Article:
East Midlands to receive post-Brexit Stronger Towns Fund to support ‘struggling’ towns

New post-Brexit funds of £1.6bn have been earmarked by the government to support “struggling” town centres across the country - including £110m for the East Midlands.

By Andrew Topping
Monday, 4th March 2019, 11:50 am
Updated Monday, 4th March 2019, 11:52 am

The new Stronger Towns Fund, which will replace EU regional development funds post-Brexit, will be targeted at places that have not shared in the proceeds of growth in the same way as more “prosperous” parts of the country, and will be spread over six years.

The fund will be used to create new jobs, help train local people and boost economic activity – with communities having a say on how the money is spent.

It is understood that £322m has been set aside for communities in the Midlands, with the East Midlands receiving about £110m.

Mansfield Town Centre

Communities will be able to draw up job-boosting plans for their town, with the support and advice of their local enterprise partnerships.

MORE ON BREXIT: Nigel Farage to bring ‘Brexit Betrayal’ march through Mansfield, Ashfield and BroxtoweMansfield’s MP Ben Bradley welcomed the funds and said it is “great news”.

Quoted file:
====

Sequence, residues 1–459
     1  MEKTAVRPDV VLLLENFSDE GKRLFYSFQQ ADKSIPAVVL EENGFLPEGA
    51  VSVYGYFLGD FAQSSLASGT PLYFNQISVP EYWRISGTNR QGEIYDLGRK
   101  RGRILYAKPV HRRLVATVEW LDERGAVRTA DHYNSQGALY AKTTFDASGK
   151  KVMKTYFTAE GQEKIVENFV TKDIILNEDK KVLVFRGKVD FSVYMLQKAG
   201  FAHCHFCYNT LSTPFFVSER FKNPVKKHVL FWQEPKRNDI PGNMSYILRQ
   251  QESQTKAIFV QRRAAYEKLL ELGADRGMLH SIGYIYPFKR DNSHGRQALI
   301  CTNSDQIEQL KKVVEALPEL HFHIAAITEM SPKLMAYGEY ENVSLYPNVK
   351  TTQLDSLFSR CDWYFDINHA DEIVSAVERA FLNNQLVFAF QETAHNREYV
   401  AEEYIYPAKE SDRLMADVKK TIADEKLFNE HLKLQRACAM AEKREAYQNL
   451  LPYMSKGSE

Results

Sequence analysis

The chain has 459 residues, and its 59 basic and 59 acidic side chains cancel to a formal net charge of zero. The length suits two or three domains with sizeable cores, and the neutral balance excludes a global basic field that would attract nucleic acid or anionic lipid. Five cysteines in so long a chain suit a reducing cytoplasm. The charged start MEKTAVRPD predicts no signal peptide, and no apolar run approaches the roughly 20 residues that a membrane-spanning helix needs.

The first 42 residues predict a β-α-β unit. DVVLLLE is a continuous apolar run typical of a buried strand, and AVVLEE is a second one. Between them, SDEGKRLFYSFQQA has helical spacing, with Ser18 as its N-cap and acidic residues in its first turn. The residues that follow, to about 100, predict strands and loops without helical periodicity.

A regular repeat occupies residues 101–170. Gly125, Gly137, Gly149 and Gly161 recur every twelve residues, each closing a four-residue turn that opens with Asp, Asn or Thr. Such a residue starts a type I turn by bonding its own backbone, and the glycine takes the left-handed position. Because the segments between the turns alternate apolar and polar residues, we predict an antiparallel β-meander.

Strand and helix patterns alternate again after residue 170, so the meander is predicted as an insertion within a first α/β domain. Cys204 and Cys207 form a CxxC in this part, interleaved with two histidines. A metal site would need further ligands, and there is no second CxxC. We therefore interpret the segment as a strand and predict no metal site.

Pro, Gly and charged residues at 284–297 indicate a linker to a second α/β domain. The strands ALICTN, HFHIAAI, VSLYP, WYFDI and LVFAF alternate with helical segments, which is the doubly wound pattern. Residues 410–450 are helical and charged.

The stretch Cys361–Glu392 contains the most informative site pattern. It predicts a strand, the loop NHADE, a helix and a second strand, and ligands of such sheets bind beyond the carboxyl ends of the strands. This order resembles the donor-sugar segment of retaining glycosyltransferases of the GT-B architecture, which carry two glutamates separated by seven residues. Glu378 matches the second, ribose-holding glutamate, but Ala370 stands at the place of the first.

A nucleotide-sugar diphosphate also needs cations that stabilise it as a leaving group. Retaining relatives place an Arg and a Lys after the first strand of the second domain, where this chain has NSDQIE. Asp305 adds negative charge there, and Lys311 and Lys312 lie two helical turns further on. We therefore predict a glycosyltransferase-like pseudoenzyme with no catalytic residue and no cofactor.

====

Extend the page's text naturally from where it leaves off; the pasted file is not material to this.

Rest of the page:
He said: “It is great to hear today that our lobbying for industrial areas in the Midlands and the North is paying off, as the Prime Minister has announced funding to support jobs and growth in communities like Mansfield and Warsop.

“More than £1bn will be pre-allocated across the regions, and a further £600m available for areas to bid for major job-creating projects.

“About £110m will be spend on communities in the East Midlands and I am pleased that the Government is supporting communities and helping to boost growth locally.”

Prime Minister Theresa May announced the funding, which she says is to help support areas in the Midlands and the north which have been “neglected” by prosperity that has been “unfairly spread” in the past.

She said: “For too long in our country prosperity has been unfairly spread. Our economy has worked well for some places but we want it to work for all communities.

“Communities across the country voted for Brexit as an expression of their desire to see change – that must be a change for the better, with more opportunity and greater control.

“These towns have a glorious heritage, huge potential and, with the right help, a bright future ahead of them.”

MORE ON BREXIT: HMRC urges business owners to make sure they are ready for no dealJohn Mann, Labour MP for Bassetlaw, supports the scheme and told the PM last month to “show us the money” with “transformative investment” in areas that voted to leave.

The MP, who backed Mrs May’s Brexit deal at the first vote, initially denied it amounted to “transactional politics”.

However other Labour MPs have described the funds as “Brexit bribes” and have suggested that the government is trying to “win support” of MPs in the Midlands and north ahead of next week’s key Brexit votes.

David Lammy, Labour MP for Tottenham, also suggested in a tweet that the UK received £1.56bn per year from EU membership for a similar scheme, while the government’s funding equates to £1.6bn over six years, calling it a “pathetic comparison”.

More to follow.